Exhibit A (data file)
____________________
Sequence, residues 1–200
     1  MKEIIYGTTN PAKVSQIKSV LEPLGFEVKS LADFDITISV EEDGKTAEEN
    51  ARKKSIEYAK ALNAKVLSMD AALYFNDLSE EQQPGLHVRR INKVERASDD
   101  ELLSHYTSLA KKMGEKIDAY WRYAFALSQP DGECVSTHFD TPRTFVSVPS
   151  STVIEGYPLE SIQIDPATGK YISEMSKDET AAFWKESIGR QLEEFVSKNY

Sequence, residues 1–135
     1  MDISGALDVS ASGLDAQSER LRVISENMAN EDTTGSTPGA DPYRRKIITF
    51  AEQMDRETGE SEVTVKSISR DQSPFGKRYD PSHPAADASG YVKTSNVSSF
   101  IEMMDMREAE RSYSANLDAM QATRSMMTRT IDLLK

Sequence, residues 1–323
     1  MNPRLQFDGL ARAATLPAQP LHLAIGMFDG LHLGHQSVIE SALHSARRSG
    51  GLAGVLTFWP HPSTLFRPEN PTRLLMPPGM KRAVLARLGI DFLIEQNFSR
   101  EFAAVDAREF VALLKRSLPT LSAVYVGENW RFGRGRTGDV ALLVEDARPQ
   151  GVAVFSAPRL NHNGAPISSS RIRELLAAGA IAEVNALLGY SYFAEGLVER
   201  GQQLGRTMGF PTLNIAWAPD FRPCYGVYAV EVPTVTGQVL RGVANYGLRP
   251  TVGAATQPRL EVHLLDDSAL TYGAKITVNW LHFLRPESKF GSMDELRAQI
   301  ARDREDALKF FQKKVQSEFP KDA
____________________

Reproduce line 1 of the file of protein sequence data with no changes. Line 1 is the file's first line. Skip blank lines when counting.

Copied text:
Sequence, residues 1–200